Crusades  

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"The First Crusade cannot be understood, as many still try by default to do, without understanding the situation in the eastern Mediterranean in the ten years before the Council of Clermont in 1095. Peter Frankopan’s work is crucial in this regard."[1]

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Train wreck at Montparnasse (October 22, 1895) by Studio Lévy and Sons.
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Train wreck at Montparnasse (October 22, 1895) by Studio Lévy and Sons.

The Crusades were a series of religious wars sanctioned by the Latin Church in the medieval period, especially the campaigns in the Eastern Mediterranean with the aim of capturing Jerusalem and the Holy Land from Islamic rule, to recapture Christian territory and defend Christian pilgrims. The term "crusades" is also applied to other campaigns sanctioned by the Church, fought to combat paganism and heresy or to resolve conflict among rival Roman Catholic groups, or to gain political or territorial advantage. The term crusades itself is early modern, modelled on Middle Latin cruciatae, and has in more recent times been extended to include religiously motivated Christian military campaigns in the Late Middle Ages.

The First Crusade arose after a call to arms in a 1095 sermon by Pope Urban II. Urban urged military support for the Byzantine Empire and its Emperor, Alexios I, who needed reinforcements for his conflict with westward migrating Turks in Anatolia. One of Urban's stated aims was to guarantee pilgrims access to the holy sites in the Eastern Mediterranean that were under Muslim control, but scholars disagree whether this was the primary motivation for Urban or the majority of those who heeded his call. Urban's wider strategy may have been to unite the Eastern and Western branches of Christendom, which had been divided since their split in the East–West Schism of 1054, and establish himself as head of the unified Church. Similarly, some of the hundreds of thousands of people who became crusaders by taking a public vow and receiving plenary indulgences from the church were peasants hoping for Apotheosis at Jerusalem, or forgiveness from God for all their sins. Others participated to satisfy feudal obligations, gain glory and honour, or find opportunities for economic and political gain. Regardless of the motivation, the response to Urban's preaching by people of many different classes across Western Europe established the precedent for later crusades.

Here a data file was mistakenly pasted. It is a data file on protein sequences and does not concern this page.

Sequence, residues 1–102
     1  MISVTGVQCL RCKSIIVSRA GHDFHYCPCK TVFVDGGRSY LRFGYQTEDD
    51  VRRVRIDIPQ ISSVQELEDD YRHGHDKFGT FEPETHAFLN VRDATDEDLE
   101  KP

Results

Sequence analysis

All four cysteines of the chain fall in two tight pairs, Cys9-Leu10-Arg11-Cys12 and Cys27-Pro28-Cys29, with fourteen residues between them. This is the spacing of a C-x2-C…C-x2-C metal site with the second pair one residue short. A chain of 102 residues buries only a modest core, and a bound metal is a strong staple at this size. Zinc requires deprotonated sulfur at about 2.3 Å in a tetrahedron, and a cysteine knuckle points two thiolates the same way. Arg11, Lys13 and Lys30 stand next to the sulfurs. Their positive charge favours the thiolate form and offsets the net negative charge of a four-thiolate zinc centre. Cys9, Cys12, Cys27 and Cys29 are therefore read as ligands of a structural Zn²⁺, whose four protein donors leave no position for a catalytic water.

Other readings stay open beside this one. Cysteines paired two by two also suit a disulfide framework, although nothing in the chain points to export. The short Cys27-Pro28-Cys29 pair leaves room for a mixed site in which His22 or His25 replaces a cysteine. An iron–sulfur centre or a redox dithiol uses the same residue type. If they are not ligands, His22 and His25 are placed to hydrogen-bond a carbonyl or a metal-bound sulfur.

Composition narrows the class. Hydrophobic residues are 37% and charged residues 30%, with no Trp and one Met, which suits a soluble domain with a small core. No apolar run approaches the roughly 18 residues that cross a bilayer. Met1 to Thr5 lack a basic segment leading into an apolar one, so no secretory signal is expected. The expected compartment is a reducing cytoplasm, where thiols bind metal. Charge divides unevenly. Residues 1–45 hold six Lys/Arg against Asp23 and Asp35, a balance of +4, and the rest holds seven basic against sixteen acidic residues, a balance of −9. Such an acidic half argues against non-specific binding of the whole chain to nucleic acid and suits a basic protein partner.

Different perspectives of the actions carried out, at least nominally, under Papal authority during the crusades have polarised historians. To some their behaviour was incongruous with the stated aims and implied moral authority of the papacy and the crusades, in one case to the extent that the Pope excommunicated crusaders. Crusaders often pillaged as they travelled, while their leaders retained control of much captured territory rather than returning it to the Byzantines; During the People's Crusade thousands of Jews were murdered in what is now called the Rhineland massacres; and Constantinople was sacked during the Fourth Crusade rendering the reunification of Christendom impossible.

The crusades had a profound impact on Western civilisation: they reopened the Mediterranean to commerce and travel (enabling Genoa and Venice to flourish); consolidated the collective identity of the Latin Church under papal leadership; and were a wellspring for accounts of heroism, chivalry and piety. These tales consequently galvanised medieval romance, philosophy and literature. The crusades also reinforced the connection between Western Christendom, feudalism, and militarism.

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Unless indicated otherwise, the text in this article is either based on Wikipedia article "Crusades" or another language Wikipedia page thereof used under the terms of the GNU Free Documentation License; or on original research by Jahsonic and friends. See Art and Popular Culture's copyright notice.

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